“For the love of money is the root of all evil: which while some coveted after, they have erred from the faith, and pierced themselves through with many sorrows.” – 1 Timothy 6:10
Paul’s warning to Timothy about the root of all evil is constantly being corrected by commentators and scholars.
“Verse 10 should read, ‘the love of money is a root of all kinds of evil’” – Williams
“It is evident that the love of money is not ‘the root of all evil’” – Stam
Such bold statements made against the word of God! How can something clearly stated in the Bible be evidently untrue. Nonsense.
When you read a verse that appears wrong on the surface, remember which book you are reading, and realize that when you and God’s word disagree, what is truly wrong is you.
Correcting the Bible is never an aid to understanding. Perhaps constant correction of this verse has led to more corruption in the church than we wish to realize.
Looking at the verse assuming the commentators are wrong, not God, we can learn some things.
The first problem that needs cleared up is that evil does not necessarily mean sin. When evil is read as sin then we must justify how the love of money is the root of all sin.
At first glance this seems untenable, but it need not be justified if the verse is not necessarily talking about sin. (Although a good case can be made for Eve’s sin being covetousness in Genesis 3.)
In the Bible, God creates evil, but God does not create sin. Evil can mean destruction, ruin, disaster, loss, corruption. All of these are found in the context of 1 Timothy 6, supposing that gain is godliness.
Another wrong assumption that is made is that Paul is talking about every kind of evil imaginable, instead of something being completely evil.
Paul is not telling Timothy that if he loves money, every kind of evil imaginable will proceed from him. Instead, what follows the love of money is not only a little bit of evil, or partially evil, but all evil.
What is good and what is evil cannot mix. Godliness and the love of money cannot mix. They are contrary one to the other. They oppose each other, fight one another, and destroy one another. One will win out, and the love of money is the root of all evil.
“Love of money”
But why is the love of money the root of all evil? This is because the most important function of the church is to uphold (pillar) and establish (ground) the truth (1 Tim 3:15).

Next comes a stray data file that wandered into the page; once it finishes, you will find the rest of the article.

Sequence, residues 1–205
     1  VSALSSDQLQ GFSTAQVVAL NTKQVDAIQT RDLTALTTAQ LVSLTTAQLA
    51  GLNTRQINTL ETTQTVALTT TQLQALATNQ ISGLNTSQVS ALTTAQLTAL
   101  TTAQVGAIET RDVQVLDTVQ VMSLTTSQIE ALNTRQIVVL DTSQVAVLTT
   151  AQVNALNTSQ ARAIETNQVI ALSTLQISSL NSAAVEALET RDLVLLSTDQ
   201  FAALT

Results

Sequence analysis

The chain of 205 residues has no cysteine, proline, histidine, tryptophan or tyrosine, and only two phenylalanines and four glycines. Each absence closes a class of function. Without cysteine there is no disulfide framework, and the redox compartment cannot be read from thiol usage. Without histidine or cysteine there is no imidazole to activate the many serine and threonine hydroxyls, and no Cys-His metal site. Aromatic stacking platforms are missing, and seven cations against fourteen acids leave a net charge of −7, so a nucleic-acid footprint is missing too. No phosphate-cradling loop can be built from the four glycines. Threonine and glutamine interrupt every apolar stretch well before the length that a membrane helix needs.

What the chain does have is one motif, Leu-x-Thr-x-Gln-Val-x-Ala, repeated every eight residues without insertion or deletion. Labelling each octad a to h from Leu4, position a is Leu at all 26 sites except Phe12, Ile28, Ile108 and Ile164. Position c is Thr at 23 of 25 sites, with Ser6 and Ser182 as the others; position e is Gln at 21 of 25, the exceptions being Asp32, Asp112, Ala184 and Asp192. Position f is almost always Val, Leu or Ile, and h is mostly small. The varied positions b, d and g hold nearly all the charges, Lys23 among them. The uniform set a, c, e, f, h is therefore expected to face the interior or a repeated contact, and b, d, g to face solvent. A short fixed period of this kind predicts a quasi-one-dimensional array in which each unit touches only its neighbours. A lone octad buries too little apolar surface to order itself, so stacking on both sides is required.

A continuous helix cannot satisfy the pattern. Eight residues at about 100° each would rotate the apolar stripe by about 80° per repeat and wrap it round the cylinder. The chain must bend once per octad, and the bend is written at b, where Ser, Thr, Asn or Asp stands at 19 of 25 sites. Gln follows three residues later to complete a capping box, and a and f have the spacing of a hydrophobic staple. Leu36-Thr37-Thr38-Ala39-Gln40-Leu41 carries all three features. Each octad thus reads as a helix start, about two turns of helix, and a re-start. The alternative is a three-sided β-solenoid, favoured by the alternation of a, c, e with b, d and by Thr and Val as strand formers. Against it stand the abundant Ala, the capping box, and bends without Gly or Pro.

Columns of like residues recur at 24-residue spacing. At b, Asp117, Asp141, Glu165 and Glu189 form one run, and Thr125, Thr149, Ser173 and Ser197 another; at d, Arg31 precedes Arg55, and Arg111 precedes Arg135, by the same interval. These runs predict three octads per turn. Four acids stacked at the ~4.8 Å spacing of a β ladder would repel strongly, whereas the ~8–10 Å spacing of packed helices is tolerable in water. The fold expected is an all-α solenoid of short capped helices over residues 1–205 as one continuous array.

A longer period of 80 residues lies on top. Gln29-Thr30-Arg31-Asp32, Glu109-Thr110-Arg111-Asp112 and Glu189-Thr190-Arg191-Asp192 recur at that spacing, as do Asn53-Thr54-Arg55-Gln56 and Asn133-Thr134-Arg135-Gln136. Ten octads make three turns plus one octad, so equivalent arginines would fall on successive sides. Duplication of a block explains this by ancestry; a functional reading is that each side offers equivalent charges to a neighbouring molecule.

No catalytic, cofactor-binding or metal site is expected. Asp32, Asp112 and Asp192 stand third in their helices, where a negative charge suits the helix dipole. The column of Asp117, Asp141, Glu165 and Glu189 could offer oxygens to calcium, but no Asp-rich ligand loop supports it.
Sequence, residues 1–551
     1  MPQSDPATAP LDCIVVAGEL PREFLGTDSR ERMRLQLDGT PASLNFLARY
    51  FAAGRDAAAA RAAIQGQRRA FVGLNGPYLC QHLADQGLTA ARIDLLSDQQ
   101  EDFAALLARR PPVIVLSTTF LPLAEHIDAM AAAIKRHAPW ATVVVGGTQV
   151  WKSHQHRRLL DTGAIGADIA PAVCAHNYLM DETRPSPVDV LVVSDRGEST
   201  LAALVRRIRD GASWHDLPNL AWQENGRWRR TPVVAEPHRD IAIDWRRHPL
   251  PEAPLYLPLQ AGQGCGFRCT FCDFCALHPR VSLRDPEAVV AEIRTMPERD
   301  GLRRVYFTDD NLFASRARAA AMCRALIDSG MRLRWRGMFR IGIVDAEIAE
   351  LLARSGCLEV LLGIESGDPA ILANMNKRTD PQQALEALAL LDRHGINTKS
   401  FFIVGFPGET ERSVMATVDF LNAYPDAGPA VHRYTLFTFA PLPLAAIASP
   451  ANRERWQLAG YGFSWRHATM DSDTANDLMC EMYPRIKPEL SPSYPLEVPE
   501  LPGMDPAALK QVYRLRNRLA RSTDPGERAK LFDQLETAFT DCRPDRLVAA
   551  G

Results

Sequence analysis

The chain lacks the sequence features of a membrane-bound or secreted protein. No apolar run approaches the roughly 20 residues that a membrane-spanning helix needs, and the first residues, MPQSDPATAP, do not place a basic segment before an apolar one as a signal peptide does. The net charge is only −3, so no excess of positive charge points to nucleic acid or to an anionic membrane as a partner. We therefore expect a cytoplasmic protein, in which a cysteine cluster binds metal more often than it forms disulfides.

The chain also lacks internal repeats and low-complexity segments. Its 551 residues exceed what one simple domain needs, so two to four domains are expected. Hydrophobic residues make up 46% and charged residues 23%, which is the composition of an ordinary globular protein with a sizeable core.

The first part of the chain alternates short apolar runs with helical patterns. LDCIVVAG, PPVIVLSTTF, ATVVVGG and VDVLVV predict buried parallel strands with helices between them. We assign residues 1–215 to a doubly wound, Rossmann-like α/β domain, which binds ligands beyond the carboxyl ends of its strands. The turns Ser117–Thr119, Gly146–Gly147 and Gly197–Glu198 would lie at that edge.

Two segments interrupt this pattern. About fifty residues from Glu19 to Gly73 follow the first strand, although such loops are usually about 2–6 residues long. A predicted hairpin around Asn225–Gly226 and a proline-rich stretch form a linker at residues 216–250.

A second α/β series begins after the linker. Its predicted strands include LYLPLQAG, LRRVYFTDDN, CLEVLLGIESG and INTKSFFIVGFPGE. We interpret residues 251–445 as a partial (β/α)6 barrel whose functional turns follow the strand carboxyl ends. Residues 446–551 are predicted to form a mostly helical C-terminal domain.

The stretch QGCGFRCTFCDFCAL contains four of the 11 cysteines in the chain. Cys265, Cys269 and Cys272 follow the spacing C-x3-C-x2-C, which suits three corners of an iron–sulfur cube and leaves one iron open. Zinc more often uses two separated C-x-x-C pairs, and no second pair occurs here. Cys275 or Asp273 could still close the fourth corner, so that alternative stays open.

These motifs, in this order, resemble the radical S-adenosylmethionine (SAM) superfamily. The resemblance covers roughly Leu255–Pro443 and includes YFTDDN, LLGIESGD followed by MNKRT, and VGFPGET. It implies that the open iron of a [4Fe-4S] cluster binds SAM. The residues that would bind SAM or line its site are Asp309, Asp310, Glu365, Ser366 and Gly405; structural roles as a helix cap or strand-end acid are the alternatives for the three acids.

We do not naturally seek to do this, nor know how to do this. This is why there are required elders and leaders in the church to make sure it is functioning properly. This is the reason for the epistle of 1 Timothy.
Money is given to people who provide a product that someone else wants. If a teaching is contrary to what people want, and a teacher supposes that gain is godliness, then evil and destruction are sure to follow.
The love of money in the teacher will sacrifice truth for the sake of making gain from the hearer. Paul warns Timothy, that either godliness will eliminate your love of money, or the love of money will eliminate godliness in the church.
In the context of 1 Timothy, there are those who want to teach contrary to right doctrine, even the words of the Lord Jesus Christ (1 Tim 1:3; 1 Tim 6:3).
But why would they want to teach contrary to Christ? Paul explains in his second epistle to Timothy:
“For the time will come when they will not endure sound doctrine; but after their own lusts shall they heap to themselves teachers, having itching ears;” – 2 Timothy 4:3
How do the listeners “heap to themselves teachers”? Answer: with money.
“Whose mouths must be stopped, who subvert whole houses, teaching things which they ought not, for filthy lucre’s sake.” – Titus 1:11
Why did they teach error? They received money from people who wanted it. Just like Balaam (Num 22-24).
What We Love
Paul charges Timothy to “teach no other doctrine”, “to come to the knowledge of the truth”, and for the church to be the “pillar and ground of the truth” (1 Tim 1:3; 1 Tim 2:4; 1 Tim 3:15).
The decision must be made concerning what we love more and what will do the most good in the church. Is it financial gain or is it truth? Do we build ministries for the love of money, or for the love of the truth? They are contrary to one another.
If the teachers in the church “will be rich” (e.g have the love of money – 1 Tim 6:9), they will reject or hide the truth, err from the faith, and the church will fall into destruction – total destruction – all evil.
The love of money will most certainly corrupt the truth. Teaching contrary to truth would be a sure fire way to destroy a church.
This is why Timothy must flee the idea that gain is godliness and replace it with the importance of godliness with contentment. For the love of money is the root of all evil, and Paul would not have Timothy’s ministry of truth be destroyed.
The Bible does not need corrected after all.